The rears of a line-up of vehicles on a busy road.

5 Scientifically Backed Ways to De-Stress

The rears of a line-up of vehicles on a busy road.

5 Scientifically Backed Ways to De-Stress

Stress can be unavoidable at work or on the road. Fortunately, here are 5 great scientifically-backed ways to de-stress during your travels.

Stress is a part of life. Everyone experiences it, whether it’s at work, at home, or on the road. Stress can affect everything from your productivity to your personal relationships. Science even suggests that it can shrink key areas of the brain, compromise the immune system, and make it harder to lose weight.

Taking steps to destress is essential to counteract the potential harmful effects. Learn how to relieve stress with these five simple tips.

Take a Walk

Two women walking down a sidewalk in a lush green park as they try to de-stress.

Many scientific studies outline the benefits of daily exercise. From strengthening your muscles to detoxifying your body of kynurenine, a substance produced when you’re stressed, exercise is a great equalizer. Research shows that taking just a 10-minute walk or doing a quick workout can help you destress, especially if you walk in a park or somewhere with plenty of greenery. Stepping away and getting some steps in can help clear your head and boost your endorphins.

Jack Dorsey, co-founder of Square and Twitter, is a fan of taking breaks to go on quick outdoor walks during office hours to destress. He also wakes up early to meditate and goes on a six-mile jog every day.

Replace Wishful Thinking with Mental Contrasting

Positive thinking isn’t always the answer. Gabriele Oettingen, a professor at New York University, suggests that envisioning something you want to happen can be counterproductive. Although it might make you feel a little better in the short-term, it can reduce your efforts to make it happen. She recommends using mental contrasting instead. “In a study of health care providers, we found that those who used WOOP were significantly more engaged with their work and less stressed than members of a control group,” notes Oettingen.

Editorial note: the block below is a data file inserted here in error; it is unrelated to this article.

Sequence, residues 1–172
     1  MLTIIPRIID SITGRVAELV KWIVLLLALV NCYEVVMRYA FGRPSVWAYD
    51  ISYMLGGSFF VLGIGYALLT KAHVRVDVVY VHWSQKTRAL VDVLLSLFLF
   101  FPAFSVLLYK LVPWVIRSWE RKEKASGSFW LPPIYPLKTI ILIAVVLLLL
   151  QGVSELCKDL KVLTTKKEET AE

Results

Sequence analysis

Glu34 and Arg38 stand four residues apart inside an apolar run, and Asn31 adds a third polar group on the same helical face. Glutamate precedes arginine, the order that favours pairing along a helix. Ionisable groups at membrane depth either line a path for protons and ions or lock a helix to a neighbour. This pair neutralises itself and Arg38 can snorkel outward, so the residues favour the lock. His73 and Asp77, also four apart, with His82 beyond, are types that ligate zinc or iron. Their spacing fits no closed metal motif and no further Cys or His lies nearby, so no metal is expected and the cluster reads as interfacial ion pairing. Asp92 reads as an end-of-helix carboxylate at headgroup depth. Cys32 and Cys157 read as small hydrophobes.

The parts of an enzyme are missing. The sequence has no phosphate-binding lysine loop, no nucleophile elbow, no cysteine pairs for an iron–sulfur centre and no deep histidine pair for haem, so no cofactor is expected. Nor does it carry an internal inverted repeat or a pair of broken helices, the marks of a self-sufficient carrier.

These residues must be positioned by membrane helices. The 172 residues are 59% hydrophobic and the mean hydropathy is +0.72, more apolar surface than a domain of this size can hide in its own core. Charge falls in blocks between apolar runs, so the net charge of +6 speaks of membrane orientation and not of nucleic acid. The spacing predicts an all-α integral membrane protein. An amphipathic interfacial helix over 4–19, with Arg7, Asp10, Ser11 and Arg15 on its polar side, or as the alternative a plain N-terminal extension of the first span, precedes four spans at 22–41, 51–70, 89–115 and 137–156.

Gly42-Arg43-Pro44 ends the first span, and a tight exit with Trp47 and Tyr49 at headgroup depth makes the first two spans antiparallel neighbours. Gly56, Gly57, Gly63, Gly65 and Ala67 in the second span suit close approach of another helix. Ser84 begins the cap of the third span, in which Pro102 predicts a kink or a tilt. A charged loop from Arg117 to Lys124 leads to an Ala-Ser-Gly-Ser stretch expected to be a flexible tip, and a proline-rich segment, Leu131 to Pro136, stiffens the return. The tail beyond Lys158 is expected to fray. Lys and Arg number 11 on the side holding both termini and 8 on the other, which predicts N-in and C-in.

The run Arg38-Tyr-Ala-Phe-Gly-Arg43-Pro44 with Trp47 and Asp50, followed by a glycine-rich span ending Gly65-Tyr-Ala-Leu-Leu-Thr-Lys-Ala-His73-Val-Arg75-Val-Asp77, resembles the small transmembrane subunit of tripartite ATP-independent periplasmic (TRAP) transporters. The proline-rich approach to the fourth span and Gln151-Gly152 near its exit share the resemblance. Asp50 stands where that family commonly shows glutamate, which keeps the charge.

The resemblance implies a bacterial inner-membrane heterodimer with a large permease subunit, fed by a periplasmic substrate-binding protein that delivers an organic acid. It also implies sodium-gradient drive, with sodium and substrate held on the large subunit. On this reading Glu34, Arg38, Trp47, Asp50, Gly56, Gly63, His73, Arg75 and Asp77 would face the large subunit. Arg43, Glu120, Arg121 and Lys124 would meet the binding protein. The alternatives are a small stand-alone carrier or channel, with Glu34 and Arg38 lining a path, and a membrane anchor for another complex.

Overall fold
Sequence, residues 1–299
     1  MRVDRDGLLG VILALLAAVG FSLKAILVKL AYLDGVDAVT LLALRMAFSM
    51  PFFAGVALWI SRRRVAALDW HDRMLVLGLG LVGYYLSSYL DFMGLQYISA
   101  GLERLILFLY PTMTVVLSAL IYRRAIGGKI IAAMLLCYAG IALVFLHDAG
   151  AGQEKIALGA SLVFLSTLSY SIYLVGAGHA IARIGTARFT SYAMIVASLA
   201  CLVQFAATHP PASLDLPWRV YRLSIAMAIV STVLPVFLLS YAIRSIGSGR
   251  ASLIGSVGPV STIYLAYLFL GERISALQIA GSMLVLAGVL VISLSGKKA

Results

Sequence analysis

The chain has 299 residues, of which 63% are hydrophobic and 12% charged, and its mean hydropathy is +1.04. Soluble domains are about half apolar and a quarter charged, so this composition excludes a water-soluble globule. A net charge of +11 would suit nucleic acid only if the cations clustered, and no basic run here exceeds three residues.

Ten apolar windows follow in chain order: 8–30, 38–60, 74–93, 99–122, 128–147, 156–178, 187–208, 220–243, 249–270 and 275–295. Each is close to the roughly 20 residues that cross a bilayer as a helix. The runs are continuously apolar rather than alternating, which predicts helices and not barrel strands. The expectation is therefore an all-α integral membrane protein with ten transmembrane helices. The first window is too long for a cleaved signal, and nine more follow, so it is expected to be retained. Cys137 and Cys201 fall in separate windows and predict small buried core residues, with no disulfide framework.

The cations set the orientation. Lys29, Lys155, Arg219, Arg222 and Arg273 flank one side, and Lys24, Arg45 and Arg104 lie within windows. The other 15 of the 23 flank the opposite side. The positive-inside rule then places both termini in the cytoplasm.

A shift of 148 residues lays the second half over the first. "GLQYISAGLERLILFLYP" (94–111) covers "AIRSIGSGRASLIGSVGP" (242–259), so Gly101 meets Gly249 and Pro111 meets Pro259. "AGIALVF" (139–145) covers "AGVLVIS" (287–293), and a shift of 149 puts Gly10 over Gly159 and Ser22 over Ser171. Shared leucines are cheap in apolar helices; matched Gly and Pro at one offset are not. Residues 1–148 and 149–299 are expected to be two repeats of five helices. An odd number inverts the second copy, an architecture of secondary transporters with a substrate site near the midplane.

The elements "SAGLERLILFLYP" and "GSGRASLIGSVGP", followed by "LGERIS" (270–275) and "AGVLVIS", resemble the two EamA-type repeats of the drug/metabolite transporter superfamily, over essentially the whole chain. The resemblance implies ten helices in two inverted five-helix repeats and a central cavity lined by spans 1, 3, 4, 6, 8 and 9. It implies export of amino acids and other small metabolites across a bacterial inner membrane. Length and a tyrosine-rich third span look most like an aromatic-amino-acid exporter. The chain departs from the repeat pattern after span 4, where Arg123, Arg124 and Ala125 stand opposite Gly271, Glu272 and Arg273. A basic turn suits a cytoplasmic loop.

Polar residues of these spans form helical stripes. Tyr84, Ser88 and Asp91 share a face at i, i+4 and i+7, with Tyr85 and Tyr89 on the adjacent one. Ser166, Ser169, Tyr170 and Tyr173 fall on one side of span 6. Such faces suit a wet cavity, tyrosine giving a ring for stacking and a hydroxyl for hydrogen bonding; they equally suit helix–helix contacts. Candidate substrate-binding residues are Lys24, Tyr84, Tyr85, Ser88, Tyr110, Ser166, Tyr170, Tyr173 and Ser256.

To use this tool, follow simple steps Oettingen calls Wish, Outcome, Obstacle, Plan (WOOP):

  • Close your eyes and picture your wish coming true.
  • Envision the obstacle preventing it from happening.
  • Imagine the action you would take to overcome the barrier and achieve the desired outcome.

Identify Your Triggers

It’s important to know exactly what triggers your stress reaction. Then, identify how you react and start thinking about potential solutions. Although you can’t remove everything that stresses you out, you might find some things you can eliminate. For example, if the traffic during your morning commute stresses you out, consider asking for a flexible schedule that allows you to arrive earlier or later to avoid the traffic, or check into working from home several days a week.

This is a tactic frequently used by Amazon CEO Jeff Bezos. He says, “Stress primarily comes from not taking action over something that you can have some control over,” the Amazon CEO said in an interview with Academy of Achievement. “I find as soon as I identify it and make the first phone call or send off the first e-mail message or whatever it is that we’re going to do to start to address that situation — even if it’s not solved — the mere fact that we’re addressing it dramatically reduces any stress that might come from it.”

Have a Chuckle

Think about something that makes you smile. Watch a funny video or reminisce about something hilarious that happened in the past. Research proves that laughing is an effective solution for anyone interested in learning how to relieve stress. Dr. Suzanne Steinbaum, D.O., an attending cardiologist at New York City’s Lenox Hill Hospital, notes that laughing reduces stress hormones and says, “Once you start laughing, it forces you to feel better.”
Research suggests laughter also has business-related benefits, including boosting creativity, productivity, and engagement.

Get More Zzz’s

Man sleeping under a large white comforter, with alarm clock and glasses on nightstand beside him.

Take a page out of Arianna Huffington’s playbook. The author, businesswoman, and founder of The Huffington Post says, “There is that special glow after a good night’s sleep when you feel really in the zone. You feel like, ‘Bring it on — you know I can handle anything!'”

Scientific research backs Huffington’s approach. Getting around seven to nine hours of sleep can help you tackle your daily stress more effectively. When you’re tired, you’re typically easily annoyed and less patient, which often results in higher stress levels.

What’s your favorite way to deal with stress? Tell us about it, or find more tips and useful information on Facebook.